Saturday, August 21, 2010

Gnostic Embrace of Warkaris in the Monsoon Season around Pune: Part III Kanifnath, Kanoba, and Syncretism

This is the third part of this blog trilogy on the intrinsic Gnosticism of the warkaris in the palkhi procession during the monsoon season. These blogs have little on actual warkari aspects. They instead dwell on a possible evolution of the (Gnostic, a difficult word to define) mindset of these warkaris from the religiosity of their environment.

The more intriguing aspect of this shrine is the presence of seemingly muslim tombs covered with saffron cloth.

This blog has been written mainly to explain (to myself?) some imagined contradictions in giving a muslim identity or not to the shrine. This is a trivial matter for an warkari.

I have no professional (and very little) amateur background on anthropology. These blogs are what they are --- just blogs of a nomad, say, with the independence to identify the deity to worship for the moment. The truth that one seeks is the inclusive peace with one's environment without being intrusive.

The blog will most likely meander through various seemingly disconnected points of view and records more from a personal point of view without requiring a quod erat demonstrandum at the end.

The inputs that I refer to depends mainly on the internet and is mainly based on extracts from published books of the academic kind.

I also do not need to depend on historical records. Historical records are the products of empire building and are most times rendered empirical because of political constraints. Moreover, in a tradition of impermanence (not fickleness) that characterize our early lifestyles based on tropical abundance and fast decay there cannot be a record … only an emerged lifestyle and philosophy that does not really depend on a holy testament or script. The worshipper is truly independent even if socially constrained and contributing all the while to a changing socially viable swarm intelligence.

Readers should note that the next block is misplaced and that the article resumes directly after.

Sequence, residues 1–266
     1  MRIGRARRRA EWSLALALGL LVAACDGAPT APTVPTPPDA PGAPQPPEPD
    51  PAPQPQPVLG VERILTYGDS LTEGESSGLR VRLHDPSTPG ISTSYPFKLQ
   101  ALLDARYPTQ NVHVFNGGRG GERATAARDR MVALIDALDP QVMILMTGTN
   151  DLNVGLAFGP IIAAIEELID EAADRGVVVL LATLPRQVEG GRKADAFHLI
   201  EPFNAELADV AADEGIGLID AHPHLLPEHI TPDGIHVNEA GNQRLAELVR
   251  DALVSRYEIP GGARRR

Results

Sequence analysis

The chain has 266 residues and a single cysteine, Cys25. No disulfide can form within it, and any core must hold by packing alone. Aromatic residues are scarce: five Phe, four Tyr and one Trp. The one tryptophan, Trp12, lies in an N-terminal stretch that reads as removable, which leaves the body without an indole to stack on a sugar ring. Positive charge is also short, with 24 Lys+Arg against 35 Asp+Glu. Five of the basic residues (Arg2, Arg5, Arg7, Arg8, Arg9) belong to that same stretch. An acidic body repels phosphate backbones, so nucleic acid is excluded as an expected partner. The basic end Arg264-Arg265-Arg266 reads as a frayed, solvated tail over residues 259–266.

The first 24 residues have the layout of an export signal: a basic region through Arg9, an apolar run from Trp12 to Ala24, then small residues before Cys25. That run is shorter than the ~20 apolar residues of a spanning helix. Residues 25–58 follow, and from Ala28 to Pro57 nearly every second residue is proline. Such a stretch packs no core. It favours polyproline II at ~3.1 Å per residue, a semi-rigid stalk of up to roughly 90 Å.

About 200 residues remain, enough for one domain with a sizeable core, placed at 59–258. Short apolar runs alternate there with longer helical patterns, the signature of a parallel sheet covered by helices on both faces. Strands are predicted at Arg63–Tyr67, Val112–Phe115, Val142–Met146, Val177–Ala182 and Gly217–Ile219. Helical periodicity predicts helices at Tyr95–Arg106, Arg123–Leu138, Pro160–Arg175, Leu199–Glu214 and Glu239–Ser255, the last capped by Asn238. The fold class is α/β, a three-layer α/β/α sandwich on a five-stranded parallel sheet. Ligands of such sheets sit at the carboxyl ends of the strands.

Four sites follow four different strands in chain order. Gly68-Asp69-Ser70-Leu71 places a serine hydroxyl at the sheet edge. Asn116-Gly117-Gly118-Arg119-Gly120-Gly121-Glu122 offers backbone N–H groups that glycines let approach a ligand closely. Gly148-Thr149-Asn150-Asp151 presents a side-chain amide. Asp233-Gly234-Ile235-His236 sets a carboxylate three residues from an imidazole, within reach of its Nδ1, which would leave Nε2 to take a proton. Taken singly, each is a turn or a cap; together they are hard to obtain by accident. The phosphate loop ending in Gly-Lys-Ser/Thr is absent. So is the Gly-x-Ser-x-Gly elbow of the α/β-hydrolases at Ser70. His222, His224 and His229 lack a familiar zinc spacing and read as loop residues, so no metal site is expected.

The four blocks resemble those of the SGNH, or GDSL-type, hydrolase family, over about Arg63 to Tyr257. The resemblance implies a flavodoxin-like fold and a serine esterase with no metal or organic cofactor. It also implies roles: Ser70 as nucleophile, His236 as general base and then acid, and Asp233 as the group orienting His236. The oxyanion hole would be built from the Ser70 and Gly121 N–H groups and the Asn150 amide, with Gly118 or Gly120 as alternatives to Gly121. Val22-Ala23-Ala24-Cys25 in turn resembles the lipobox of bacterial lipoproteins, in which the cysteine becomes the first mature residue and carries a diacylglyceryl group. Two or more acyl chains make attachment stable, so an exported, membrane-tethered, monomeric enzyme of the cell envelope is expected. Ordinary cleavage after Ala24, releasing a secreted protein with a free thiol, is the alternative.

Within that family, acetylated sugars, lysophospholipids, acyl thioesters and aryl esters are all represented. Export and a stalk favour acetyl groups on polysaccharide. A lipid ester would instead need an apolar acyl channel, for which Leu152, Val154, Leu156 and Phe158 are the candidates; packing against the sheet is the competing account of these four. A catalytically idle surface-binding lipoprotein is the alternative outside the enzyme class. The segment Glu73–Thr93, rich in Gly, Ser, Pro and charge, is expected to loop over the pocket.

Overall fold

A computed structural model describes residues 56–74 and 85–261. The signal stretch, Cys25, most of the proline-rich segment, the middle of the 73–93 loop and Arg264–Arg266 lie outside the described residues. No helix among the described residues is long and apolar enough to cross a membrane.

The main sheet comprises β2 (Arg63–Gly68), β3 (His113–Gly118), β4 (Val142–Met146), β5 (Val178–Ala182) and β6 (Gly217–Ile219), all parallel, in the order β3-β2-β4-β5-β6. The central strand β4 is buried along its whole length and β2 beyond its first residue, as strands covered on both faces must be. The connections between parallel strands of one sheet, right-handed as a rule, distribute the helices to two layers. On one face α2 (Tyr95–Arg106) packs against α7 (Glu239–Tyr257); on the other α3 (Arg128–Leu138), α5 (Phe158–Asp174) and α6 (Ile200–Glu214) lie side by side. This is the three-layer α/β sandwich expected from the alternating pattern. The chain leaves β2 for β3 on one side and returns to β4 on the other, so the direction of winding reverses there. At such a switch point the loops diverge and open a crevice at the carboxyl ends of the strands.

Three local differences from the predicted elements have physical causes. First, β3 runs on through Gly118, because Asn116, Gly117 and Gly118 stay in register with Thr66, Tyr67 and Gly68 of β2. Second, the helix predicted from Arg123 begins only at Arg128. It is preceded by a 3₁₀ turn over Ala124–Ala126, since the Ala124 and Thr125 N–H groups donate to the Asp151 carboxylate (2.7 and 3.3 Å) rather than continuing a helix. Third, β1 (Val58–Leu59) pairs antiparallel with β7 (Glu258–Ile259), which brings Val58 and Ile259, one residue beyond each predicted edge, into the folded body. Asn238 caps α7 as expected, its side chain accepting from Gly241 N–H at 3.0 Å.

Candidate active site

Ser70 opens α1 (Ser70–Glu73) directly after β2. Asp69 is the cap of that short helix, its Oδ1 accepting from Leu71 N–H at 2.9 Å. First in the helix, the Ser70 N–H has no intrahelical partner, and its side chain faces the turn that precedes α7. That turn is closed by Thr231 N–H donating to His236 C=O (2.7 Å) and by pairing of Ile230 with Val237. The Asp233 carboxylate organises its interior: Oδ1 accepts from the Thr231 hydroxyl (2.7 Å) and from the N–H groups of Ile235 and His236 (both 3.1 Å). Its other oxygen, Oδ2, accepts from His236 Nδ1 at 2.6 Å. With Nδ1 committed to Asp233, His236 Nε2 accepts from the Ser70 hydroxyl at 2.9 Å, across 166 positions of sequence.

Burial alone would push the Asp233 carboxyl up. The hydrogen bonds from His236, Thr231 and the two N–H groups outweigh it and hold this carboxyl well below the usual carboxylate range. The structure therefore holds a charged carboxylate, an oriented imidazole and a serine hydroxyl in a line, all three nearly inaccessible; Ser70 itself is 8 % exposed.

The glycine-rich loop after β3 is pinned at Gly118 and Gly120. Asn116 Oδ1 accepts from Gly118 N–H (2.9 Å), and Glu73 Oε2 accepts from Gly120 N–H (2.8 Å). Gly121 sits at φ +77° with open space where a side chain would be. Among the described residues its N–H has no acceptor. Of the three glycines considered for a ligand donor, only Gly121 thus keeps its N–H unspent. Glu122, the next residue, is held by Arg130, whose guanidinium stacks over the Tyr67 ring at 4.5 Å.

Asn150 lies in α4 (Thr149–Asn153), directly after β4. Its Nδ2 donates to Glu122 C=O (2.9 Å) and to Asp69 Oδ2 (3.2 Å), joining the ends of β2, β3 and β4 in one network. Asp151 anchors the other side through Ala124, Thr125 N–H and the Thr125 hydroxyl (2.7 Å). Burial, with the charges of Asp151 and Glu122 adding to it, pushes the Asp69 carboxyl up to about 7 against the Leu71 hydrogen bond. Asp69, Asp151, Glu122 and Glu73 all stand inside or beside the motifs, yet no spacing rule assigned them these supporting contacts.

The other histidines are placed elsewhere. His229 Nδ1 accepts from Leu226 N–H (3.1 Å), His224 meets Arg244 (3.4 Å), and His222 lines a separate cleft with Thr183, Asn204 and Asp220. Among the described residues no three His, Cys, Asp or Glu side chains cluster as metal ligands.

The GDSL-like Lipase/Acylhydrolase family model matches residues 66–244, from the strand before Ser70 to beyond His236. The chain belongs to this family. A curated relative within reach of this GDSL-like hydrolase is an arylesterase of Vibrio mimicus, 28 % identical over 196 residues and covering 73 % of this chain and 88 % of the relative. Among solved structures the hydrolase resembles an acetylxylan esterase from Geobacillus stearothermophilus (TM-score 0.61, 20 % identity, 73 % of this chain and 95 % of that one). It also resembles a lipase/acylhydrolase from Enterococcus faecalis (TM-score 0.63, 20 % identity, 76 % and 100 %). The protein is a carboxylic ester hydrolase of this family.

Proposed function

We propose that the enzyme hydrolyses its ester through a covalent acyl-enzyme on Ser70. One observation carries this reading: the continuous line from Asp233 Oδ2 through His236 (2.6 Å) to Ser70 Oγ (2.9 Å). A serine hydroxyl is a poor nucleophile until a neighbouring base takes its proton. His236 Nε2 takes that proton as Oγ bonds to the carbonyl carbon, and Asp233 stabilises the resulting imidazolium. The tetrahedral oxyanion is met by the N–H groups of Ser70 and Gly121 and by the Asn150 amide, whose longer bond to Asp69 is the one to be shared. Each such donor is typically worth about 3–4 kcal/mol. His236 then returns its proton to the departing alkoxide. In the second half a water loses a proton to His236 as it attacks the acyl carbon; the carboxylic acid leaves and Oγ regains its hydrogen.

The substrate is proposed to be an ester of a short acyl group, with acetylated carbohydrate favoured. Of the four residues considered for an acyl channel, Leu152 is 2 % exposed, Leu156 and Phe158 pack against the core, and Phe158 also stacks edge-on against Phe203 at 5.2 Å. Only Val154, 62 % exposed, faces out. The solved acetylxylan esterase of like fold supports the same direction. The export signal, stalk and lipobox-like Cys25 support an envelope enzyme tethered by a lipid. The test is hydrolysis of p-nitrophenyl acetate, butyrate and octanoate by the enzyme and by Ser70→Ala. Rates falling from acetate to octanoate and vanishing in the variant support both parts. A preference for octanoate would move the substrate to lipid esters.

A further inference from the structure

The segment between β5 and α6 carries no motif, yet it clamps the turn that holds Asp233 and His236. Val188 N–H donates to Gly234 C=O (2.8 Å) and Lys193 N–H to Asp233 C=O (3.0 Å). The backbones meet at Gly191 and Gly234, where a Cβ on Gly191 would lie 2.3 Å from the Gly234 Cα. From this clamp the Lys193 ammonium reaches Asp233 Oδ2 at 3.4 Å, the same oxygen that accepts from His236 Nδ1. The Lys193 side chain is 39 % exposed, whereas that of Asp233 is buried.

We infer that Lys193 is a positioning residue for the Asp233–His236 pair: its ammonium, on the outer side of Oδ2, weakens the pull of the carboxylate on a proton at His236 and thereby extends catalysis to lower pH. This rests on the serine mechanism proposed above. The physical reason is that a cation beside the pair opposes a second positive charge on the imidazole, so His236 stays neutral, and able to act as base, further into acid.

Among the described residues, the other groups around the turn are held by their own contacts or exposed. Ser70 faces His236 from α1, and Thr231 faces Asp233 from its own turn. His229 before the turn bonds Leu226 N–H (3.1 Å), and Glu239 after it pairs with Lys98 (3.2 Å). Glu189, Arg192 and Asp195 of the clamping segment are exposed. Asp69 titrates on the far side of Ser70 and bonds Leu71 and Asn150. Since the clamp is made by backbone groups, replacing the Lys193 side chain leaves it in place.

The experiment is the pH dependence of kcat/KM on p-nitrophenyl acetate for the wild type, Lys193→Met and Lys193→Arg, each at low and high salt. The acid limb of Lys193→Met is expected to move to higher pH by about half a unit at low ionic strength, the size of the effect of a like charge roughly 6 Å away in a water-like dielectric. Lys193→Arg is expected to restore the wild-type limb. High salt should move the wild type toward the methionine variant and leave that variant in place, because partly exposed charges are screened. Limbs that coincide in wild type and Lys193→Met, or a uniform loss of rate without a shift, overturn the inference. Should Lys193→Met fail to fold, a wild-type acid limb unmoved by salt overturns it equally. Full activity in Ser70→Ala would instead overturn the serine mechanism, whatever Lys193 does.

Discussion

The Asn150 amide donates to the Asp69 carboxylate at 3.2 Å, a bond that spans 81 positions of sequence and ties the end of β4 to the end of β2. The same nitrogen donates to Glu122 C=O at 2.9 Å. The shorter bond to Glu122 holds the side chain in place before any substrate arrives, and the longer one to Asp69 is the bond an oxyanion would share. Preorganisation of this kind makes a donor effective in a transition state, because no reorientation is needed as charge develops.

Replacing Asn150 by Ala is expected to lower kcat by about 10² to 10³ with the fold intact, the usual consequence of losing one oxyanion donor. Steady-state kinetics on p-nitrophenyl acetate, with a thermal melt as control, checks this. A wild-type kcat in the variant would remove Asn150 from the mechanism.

The numbering of figures continue from the previous blogs in this series. Click on figures to expand.

Kanifnath Shrine

The drive away from the khandoba mandir (see part II) towards Saswad was especially pleasant being through green flatlands with rustic scenes of buffalos grazing (fig 12, left), and distance red-tiled roofs of villages and temples (fig 12 middle). The chaturmukh cone and ridge is visible to the left of the hill slopes of Fig 12 left. On the way to Saswad we decided to take a left turn at a corner where there was a large collection of freshly painted saffron (the present politically correct colour) worship stones on the ground.